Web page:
Joe Clark: Accessibility | Design | Writing

Split decision

Deux ou trois choses I know about keyboards:

  1. You (all right, I) can never have enough keys. When the Macintosh came out in 1984, Apple pumped up the importance of the mouse by deflating the importance of the keyboard, which it said was "just for typing." Well, obviously, honey. But for speedy typists, lots of keys add zip to computing, even in mouse-driven environments
  2. Compared to the standard QWERTY configuration, the decades-old Dvorak Simplified Keyboard layout, which puts the commonest letters on the home row, is supposedly "better" for us. But then again so is spinach, and I don’t see Popeye using a Dvorak layout on his computer
  3. Many disabled people do without keyboards altogether by using an alternative input device (e.g., Stephen Hawking). On the other hand, keyboards can turn you into a disabled person: Overuse injuries, including painful inflammations of the delicate tendons in the hands, accounted for more than half the occupational injuries catalogued by the U.S. Department of Labor last year.

Issues of ergonomics and safety have become as common in the computer press as mentions of airbags in car reviews, but most of the discussion has dealt with office furniture (adjust your chair so that your wrists are straight) or fuzzy workplace issues (take regular breaks from typing; relax, already). The humble keyboard, however, continues to rule the computing roost effectively unchanged from its typewriter prehistory. Some entrepreneurs have come up with gee-whiz replacements – vertical typing surfaces, maybe, or ten-button jobbies that make you wiggle your fingers – but they haven’t caught on.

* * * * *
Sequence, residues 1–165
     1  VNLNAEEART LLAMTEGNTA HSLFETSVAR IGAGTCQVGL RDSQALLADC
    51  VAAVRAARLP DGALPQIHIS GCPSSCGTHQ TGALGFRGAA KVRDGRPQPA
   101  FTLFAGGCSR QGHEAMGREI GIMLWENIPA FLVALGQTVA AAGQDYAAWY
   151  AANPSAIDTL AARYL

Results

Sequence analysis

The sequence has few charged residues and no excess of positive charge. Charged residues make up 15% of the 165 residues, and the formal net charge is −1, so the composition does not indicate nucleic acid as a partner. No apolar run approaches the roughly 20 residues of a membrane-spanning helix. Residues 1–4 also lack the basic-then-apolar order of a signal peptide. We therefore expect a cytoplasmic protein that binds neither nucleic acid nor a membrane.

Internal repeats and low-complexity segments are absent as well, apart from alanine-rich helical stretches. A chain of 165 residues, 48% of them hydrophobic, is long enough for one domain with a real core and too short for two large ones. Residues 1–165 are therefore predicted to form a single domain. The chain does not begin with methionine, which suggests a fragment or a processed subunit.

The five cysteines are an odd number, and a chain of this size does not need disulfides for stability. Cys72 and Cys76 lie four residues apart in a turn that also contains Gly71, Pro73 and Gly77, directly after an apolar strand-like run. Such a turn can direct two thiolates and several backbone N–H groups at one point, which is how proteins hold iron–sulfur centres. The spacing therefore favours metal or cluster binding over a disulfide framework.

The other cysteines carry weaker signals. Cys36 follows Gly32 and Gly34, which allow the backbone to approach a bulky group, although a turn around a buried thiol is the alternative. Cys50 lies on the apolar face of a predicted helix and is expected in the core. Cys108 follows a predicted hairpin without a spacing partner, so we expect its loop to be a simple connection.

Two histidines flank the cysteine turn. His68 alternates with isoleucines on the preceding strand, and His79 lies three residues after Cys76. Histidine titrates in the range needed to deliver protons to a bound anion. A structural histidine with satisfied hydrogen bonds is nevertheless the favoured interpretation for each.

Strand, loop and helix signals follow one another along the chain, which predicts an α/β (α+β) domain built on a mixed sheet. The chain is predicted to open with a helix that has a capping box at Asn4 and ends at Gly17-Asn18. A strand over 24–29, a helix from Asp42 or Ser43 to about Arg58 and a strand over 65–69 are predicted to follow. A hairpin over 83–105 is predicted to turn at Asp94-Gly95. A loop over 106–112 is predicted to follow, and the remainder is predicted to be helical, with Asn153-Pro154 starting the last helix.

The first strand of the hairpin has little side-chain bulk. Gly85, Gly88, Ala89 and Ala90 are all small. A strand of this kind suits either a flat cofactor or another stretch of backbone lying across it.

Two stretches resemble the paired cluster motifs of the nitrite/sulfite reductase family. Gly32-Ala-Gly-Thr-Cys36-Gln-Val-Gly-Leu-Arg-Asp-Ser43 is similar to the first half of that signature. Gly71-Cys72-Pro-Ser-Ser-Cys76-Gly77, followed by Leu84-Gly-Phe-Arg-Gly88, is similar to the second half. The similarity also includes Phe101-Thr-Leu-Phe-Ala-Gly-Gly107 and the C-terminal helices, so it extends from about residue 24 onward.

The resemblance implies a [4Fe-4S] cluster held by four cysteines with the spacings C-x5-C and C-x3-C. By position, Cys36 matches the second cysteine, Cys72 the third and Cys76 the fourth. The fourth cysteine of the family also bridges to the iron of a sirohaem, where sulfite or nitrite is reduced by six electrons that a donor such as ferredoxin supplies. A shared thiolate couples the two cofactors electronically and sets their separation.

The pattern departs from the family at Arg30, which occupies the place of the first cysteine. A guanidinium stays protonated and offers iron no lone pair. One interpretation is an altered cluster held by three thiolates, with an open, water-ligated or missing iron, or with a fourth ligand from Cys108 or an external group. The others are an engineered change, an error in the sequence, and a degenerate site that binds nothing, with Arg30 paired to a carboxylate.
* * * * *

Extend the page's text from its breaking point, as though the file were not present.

Now, though, future keyboards may make like a banana and split if the Apple Adjustable Keyboard becomes a pacesetter. Divided down the middle and hinged at top centre, the keyboard rotates out from the lower corners up to 30°, effectively eliminating ulnar deviation (the angle between the outside edges of hand and forearm). Function keys, numeric keypad, and extended arrow keys are offboard on another module, which lets southpaws place it to the left of the main board. The standard bipartite wristrests make the keyboard look right out of Cronenberg’s Naked Lunch, but volume, mute, and record keys let you muzzle your computer at the press of a button, which wouldn’t be quite so easy with Clark Nova.

Apple’s marketing materials, which say only that the keyboard "helps your wrists stay in a neutral position for comfort and typing ease," avoid claims of injury prevention because, Apple says, there is no established scientific basis for such claims. All the same, though, the adjusto-board looks like it will turn out to be easier on the hands: The excess ulnar deviation the keyboard prevents is a known cause of tenosynovitis, a potentially debilitating inflammation of the sheaths surrounding wrist tendons.

Apple introduced the adjusto-board last week in part to differentiate the Mac from other computer makes, and while the company is committed to producing versions of the keyboard in the 37 languages the Mac comes in, it won’t be standard equipment: It costs $219. In the oncoming/ongoing technocracy, will execs who can barely hunt and peck but can afford split keyboards get them while their type-all-day secretaries struggle with possibly injurious straight-across models? Conventional keyboards come standard on some low-priced Macs ($105 as an option); Apple sells a $185 "extended" keyboard (i.e., with function keys) that doesn’t split; the ubiquitous Powerbook laptops give the user no built-in option. In short, if you want a genu-wine Apple keyboard that’s probably better for your hands, you have to ante up for it.

Question for Apple CEO John Sculley, which maybe he could answer between phone calls from chum Bill Clinton: Is it ethical to give people the option of potentially wrecking their hands on a cheapo straight keyboard? For the sake of Mac users’ hands – the organs that so strongly mark us as human – Apple would do better to toss in the adjusto-board with every Mac and let existing owners upgrade for peanuts.

[Originally published 1993 ¶ Updated here 2008.01.13]

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